Don't Call It Cactus

Though often confused, mezcal and tequila are not one and the same. Both are distilled from the agave plant, a succulent from the same family as the lily and the amaryllis, but only liquors made from the blue agave are called tequila. Contrary to popular belief, agave is not a cactus. Though agave shares a common habitat with many prickly cacti neighbors, it has a different life cycle, and there are 136 Mexican species in its own unique agave family.

The process of creating tequila begins when the blue agave plant ripens, usually eight to 12 years after planting. Because the plant must be ripe enough to have sufficient sugars for fermentation, a jimador first performs the crucial task of chopping leaves away from the plant's core to assess its ripeness. If the plant is deemed ready, the core - or piña - is cut away and taken to a distillery for roasting in furnaces called hornos. After roasting, the piñas are shredded, and the juices pressed out and placed in vats or fermenting tanks. Once in the vats, yeast is added to the juices to convert the sugars of the agave to alcohol. These agents are so vital to the process and to creating unique tastes in tequila that distillers keep very tight-lipped about their individual yeasts. The resulting juices then ferment 30 to 48 hours before undergoing distillation twice. The outcome is a rich, potent, colorless liquid between 70 and 110 proof. The color comes later, brought on by wooden barrel aging, or from the addition of caramel or wood essence. In the final step of processing, most tequila is filtered through cellulose filters or activated carbon before bottling.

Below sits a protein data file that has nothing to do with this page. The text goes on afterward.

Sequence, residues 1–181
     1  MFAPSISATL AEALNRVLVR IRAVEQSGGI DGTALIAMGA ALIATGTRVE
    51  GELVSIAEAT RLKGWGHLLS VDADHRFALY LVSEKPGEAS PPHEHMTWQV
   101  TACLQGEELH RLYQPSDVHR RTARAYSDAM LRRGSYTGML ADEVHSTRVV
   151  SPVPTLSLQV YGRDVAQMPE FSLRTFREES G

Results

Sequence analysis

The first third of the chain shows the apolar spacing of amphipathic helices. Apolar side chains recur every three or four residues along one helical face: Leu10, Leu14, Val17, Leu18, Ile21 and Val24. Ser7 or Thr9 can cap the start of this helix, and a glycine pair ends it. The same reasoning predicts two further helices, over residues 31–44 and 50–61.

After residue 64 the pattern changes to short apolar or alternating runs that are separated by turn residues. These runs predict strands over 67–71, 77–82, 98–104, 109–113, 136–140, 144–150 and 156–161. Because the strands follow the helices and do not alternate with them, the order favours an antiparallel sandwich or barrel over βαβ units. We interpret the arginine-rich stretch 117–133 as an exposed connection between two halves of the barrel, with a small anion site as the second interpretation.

Protecting a National Treasure

Mexicans are understandably proud and protective of their national alcoholic spirit, and between World Wars I and II, the Mexican government began efforts to closely monitor production and distribution of tequila. In 1944, the government decreed that any product called tequila had to be made by distilling agave in the state of Jalisco. Today, there are only five regions where tequila can be legally made; most are in the semi-arid plateaus and highlands of Jalisco and the adjoining states of Guanajuato, Michoacan and Nayarit, and the northeastern state of Tamaulipas.

To help guarantee the quality of tequila, in 1978 the Normas Oficial Mexicana (NOM) was established, regulating all agricultural, industrial and commercial processes related to the spirit. Since then, the industry has continued to grow, with more than 50,000 hectares of agave under cultivation and more than 500 brands of tequila available today. To help control the burgeoning industry, the Tequila Regulatory Council (TRC) was founded in 1994 to oversee industry production, quality and standards.